The fate of American health-care reform is on the ballot this November

The fate of American health-care reform is on the ballot this November
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With the midterm elections just weeks away, concerns about health care continue to rank among the top issues for most voters. A recent Kaiser Family Foundation (KFF) poll reported that 80 percent of people thought health care was the most important or a very important issue for 2018 candidates to talk about. A late September Pew poll showed health care as the second most frequently mentioned issue voters considered important. 

The truth is, voters are right to be seriously concerned about the state of our health care system. Costs are high and growing rapidly. The goal of delivering quality health care at affordable prices remains elusive. In the face of these very real and difficult challenges, lawmakers have achieved little, settling instead for tired campaign slogans — “Repeal and Replace ObamaCare” vs “Medicare for all” — that suggest simple solutions are available.

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This flawed framing of the political dialogue has trapped our elected officials in unproductive debates. They are too narrowly focused, inadequately informed by relevant facts and experience; and more concerned with winning political points and preserving existing institutions than with improving health care or reducing costs.

Moving past or through this unnecessary gridlock requires viewing the realities of our health care within a broader context, which includes all of the relevant facts. We must also recognize that actions and non-actions have consequences and that we need to pay attention to that dynamic.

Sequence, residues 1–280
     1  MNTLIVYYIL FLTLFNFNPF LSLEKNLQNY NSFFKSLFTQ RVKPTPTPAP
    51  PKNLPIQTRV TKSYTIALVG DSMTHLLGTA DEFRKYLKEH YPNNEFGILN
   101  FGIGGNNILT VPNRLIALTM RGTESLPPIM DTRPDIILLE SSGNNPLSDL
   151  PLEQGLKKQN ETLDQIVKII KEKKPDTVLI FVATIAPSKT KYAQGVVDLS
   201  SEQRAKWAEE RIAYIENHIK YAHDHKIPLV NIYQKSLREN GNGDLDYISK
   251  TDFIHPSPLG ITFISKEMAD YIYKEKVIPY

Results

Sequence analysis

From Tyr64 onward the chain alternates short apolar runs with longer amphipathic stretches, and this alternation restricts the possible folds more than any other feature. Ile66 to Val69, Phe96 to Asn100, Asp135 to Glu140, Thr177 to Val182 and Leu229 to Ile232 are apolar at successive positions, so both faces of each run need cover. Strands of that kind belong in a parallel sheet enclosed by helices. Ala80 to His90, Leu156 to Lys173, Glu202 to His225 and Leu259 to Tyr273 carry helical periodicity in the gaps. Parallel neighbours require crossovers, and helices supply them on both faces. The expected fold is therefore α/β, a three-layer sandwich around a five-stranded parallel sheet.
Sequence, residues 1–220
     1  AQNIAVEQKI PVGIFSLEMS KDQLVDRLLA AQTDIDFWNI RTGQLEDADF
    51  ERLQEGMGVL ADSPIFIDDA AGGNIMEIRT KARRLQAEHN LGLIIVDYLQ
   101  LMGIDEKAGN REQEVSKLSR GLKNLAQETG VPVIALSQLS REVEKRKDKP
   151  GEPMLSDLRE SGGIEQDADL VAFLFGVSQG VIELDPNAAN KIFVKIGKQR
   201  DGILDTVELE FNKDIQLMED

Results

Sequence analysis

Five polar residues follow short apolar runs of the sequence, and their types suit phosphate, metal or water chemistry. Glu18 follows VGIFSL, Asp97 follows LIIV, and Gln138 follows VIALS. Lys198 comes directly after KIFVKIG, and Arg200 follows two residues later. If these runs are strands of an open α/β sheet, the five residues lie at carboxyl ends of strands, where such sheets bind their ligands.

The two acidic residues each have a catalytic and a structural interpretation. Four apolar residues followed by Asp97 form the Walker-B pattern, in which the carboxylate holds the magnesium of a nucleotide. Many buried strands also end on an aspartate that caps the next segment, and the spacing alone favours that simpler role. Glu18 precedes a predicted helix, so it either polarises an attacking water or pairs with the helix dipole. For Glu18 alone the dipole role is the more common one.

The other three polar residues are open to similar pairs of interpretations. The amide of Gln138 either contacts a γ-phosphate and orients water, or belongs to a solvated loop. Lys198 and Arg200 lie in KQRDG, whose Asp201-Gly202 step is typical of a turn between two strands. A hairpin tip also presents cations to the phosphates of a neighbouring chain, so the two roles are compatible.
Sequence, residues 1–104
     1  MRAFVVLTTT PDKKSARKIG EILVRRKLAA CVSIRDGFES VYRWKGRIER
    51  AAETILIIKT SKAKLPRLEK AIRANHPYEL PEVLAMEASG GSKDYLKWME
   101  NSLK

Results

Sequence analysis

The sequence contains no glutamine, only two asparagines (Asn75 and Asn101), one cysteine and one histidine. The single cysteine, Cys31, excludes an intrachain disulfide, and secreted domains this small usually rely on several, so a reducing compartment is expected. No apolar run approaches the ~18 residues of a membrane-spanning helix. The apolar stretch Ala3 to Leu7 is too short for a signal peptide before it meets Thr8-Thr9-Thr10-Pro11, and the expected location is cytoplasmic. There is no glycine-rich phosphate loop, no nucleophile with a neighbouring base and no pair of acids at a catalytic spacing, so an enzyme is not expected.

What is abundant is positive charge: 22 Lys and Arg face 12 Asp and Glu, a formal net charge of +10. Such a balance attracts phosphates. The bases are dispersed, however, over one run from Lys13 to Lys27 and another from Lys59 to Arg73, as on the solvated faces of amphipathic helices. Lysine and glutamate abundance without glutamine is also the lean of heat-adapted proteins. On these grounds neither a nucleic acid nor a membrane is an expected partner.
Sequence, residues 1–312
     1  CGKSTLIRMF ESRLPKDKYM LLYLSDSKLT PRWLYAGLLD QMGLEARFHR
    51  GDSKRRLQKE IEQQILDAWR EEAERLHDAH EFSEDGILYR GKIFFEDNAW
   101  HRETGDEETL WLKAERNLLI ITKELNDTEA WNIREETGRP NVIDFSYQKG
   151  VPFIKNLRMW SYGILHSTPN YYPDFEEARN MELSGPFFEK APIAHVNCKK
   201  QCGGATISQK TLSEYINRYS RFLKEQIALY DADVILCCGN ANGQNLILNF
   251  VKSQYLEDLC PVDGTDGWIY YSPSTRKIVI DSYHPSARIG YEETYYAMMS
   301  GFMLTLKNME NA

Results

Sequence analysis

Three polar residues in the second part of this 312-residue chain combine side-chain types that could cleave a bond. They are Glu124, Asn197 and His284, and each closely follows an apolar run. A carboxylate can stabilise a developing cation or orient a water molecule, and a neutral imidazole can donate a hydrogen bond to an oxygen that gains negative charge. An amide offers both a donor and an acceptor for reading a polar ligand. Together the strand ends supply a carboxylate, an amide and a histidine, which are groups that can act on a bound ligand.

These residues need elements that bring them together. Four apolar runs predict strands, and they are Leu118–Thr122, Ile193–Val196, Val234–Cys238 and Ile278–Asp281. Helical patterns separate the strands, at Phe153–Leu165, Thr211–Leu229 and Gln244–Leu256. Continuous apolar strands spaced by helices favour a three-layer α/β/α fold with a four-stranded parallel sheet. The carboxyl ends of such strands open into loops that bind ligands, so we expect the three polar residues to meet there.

Within such a broader context, health care’s effect on other things is more apparent and more troubling. We are all aware that health-care costs are high and rising in this country. This is not just for the federal government, but also for state governments, employers and households. We are less aware, however, to the degree to which these rising costs are crowding out just about everything else

Consider, for example, that over the past decade private premiums and deductibles have grown by over 50 percent while wages have barely grown faster than inflation; Medicaid costs have grown to consume three-tenths of state budgets, up from one-fifth; and federal health care spending has nearly doubled, while discretionary appropriations on national security and investments have grown only 15 percent.

There are links that make it disturbingly apparent that the American health-care system affects not just our health, but also our personal and governmental budgets; our wages and the cost of doing business, our ability to educate our children, care for our elderly, maintain our roads and bridges; and protect our grandchildren’s economic future.

The good news is that the issue’s prominence in the election presents an opportunity to issue a clear public mandate that would encourage Congress to provide the needed leadership on this issue. It is crucial policymakers embrace an urgent, but more nuanced discussion that accounts for the complex interactions amongst demographics, usage, costs, accessibility, equity, technology and science, location, provider workforce, subsidies and insurance on the one hand and the need for quality outcomes, fiscal sustainability and managerial efficacy on the other.

But none of this will happen unless we, as voters, as consumers of health care and taxpayers, encourage members of the next Congress to improve the quality of the health care debate so it focuses on truly fixing the many shortcomings in the system.

Mark Litow is a director of the Concerned Actuaries Group and a former principal at Milliman. Marc Goldwein is the senior vice president and senior policy director for the Committee for a Responsible Federal Budget.